Flooding Backlash Against Government

dutchdike_tJust like many Filipinos, I’m seething mad and totally frustrated with the Philippine government’s neglect of the needs of its people, as seen again in this most recent flooding disaster. No preparation, no warning, bandaid response. As the storm was approaching late last week, I could clearly see from the Internet how big the storm was and where it was headed for.

Adding to my fury is that one of our church families is suffering in stinking blackwater in Pasig City, while City Hall is being decorated for Satanic Halloween, a celebration toh which most Filipinos can truly say, “I don’t know and I don’t care.” Filipinos are well-known for being great copycats, but only of the worst of everything, instead of copying the best.

In February of 1953, a big storm hit the Netherlands which breached its famous but old system of dikes and levees, killing 1,800 people in the worst flooding in modern Dutch history. The Dutch learned their lesson, so they embarked on an $8 billion, 30-year program to strengthen its flood control system. The centerpieces of this engineering marvel are a 2.4-km system of gates along the North Sea and a massive storm surge barrier at the mouth of the Rhine River.

Even while still an engineering student (which was a few decades ago), I remember hearing proposals for flood control from the Dutch. Filipinos have to accept that floods are a natural occurrence in Metro Manila because it is mostly at or below sea level and the Pasig River that dissects the city always overflows. And the primary solution to the problem is an adequate flood control system; controlling trash and reforestation are only secondary.

dutchdike_tSixty percent of the Netherlands is below sea level, but this didn’t daunt this small resourceful people from thinking of ways to control annual flooding. They built dikes, dams, rain storage ponds, and windmill-powered pumps to move water from low areas to higher level areas. In fact, words like dike, dam, sluice – commonly-used today for flood-control – originated from Dutch words.

Decades ago, the Philippine government should have built infrastructure for 100-year flooding (i. e., the kind of flooding that happens once in 100 years): notably high dikes along the Pasig River and high sea walls along Manila Bay. In addition, they should buy extensive tracts of land in the higher portions of the metro area and the surrounding hills and make them storage ponds. These ponds would catch a huge amount of rainfall such as the 410 mm of “Ondoy” to prevent extensive flooding.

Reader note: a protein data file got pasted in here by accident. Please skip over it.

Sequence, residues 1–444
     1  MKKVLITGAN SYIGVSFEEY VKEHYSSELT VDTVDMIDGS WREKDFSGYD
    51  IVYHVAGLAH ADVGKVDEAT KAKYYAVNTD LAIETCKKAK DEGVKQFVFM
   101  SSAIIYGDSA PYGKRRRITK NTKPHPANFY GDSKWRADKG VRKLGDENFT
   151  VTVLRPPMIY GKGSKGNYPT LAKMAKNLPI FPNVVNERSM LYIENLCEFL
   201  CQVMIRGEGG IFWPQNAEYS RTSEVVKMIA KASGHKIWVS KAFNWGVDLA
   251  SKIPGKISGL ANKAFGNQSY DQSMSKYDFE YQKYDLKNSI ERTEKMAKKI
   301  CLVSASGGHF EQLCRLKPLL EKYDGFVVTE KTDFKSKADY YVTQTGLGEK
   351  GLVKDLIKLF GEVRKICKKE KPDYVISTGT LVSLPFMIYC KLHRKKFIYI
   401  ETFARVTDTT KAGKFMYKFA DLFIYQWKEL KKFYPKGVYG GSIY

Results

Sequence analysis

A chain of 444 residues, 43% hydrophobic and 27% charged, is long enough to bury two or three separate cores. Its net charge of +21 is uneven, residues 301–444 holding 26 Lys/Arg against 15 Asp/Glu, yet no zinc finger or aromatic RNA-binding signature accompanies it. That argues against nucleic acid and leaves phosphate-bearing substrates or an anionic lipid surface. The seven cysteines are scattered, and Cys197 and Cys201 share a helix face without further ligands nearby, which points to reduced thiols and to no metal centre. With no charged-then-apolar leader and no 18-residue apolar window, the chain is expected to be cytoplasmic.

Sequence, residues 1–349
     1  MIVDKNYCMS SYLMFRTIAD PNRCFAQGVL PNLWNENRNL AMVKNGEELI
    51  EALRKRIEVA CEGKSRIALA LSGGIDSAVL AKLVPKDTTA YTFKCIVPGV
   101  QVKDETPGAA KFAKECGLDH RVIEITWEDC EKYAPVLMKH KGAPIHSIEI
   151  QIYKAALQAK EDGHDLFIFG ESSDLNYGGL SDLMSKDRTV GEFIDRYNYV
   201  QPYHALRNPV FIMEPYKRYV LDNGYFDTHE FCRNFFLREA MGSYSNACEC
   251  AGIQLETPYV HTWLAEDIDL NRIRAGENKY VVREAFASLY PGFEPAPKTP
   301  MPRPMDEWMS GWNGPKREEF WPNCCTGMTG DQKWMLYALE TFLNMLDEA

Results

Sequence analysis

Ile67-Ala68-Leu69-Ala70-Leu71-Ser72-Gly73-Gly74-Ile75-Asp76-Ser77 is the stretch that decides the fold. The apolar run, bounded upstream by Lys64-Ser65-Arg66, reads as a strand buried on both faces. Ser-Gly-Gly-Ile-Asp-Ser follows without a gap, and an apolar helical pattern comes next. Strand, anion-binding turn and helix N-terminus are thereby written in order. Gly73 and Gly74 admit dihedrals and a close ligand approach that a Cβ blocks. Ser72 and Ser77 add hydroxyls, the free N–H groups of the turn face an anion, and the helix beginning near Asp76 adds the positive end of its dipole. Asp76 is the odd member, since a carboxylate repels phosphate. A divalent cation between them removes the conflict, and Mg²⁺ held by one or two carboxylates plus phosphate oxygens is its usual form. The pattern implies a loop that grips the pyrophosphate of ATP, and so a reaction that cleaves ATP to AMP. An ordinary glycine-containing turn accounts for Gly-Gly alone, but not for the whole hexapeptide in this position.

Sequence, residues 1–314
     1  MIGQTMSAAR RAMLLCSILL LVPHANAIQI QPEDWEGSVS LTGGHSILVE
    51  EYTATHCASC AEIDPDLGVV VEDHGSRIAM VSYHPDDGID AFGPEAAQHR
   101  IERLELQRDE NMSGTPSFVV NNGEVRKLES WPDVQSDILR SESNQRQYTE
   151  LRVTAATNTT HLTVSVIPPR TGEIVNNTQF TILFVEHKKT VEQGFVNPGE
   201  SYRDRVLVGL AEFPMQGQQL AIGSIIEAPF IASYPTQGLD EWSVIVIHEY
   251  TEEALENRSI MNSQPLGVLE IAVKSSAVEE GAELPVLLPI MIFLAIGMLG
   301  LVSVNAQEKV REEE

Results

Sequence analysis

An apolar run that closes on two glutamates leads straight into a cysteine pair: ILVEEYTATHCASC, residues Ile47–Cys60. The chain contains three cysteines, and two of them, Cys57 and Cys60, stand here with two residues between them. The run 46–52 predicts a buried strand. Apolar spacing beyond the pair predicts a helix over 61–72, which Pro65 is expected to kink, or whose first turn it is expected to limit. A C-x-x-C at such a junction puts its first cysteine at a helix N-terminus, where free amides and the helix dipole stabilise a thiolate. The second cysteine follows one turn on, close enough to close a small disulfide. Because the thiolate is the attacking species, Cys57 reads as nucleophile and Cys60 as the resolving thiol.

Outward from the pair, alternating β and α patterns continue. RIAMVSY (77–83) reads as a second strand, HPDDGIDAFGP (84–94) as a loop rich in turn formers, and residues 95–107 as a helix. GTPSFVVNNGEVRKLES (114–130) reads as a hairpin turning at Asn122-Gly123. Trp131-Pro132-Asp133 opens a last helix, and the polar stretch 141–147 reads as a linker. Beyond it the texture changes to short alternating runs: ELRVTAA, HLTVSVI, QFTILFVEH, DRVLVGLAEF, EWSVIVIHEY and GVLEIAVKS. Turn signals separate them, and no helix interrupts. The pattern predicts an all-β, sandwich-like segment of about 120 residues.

These projects might not completely control flooding, but it would surely prevent disastrous flooding such as the most recent one. If the Dutch could control flooding for 10,000 square miles of their country, why can’t the Philippines control flooding for a tiny 240 square miles of Metro Manila? London has its Thames River floodgates, Venice is building the same in the Adriatic, and Japan is building superlevees. Even such a poor country as Bangladesh has erected concrete shelters on stilts as emergency havens for flood victims. Did you read that, “honorable” president, cabinet members, senators and congressmen?

Why not stop squandering $20,000 for a dinner in New York and $1.3 million for a house in San Francisco? Why not use $40 million from ZTE kickbacks, $15 million from the fertilizer fund scam, and $6 million from the Jose Pidal money laundering scheme – to name a few– for flood control?

(Information for this article came from The New York Times article, “In Europe, High-Tech Flood Control, With Nature’s Help.”)

About Nollie

Associate Pastor of Trinity United Reformed Church in Walnut Creek, CA. Assigned as missionary to the Philippines. Lives just outside Metro Manila with wife and daughter. Three older boys live and work in CA.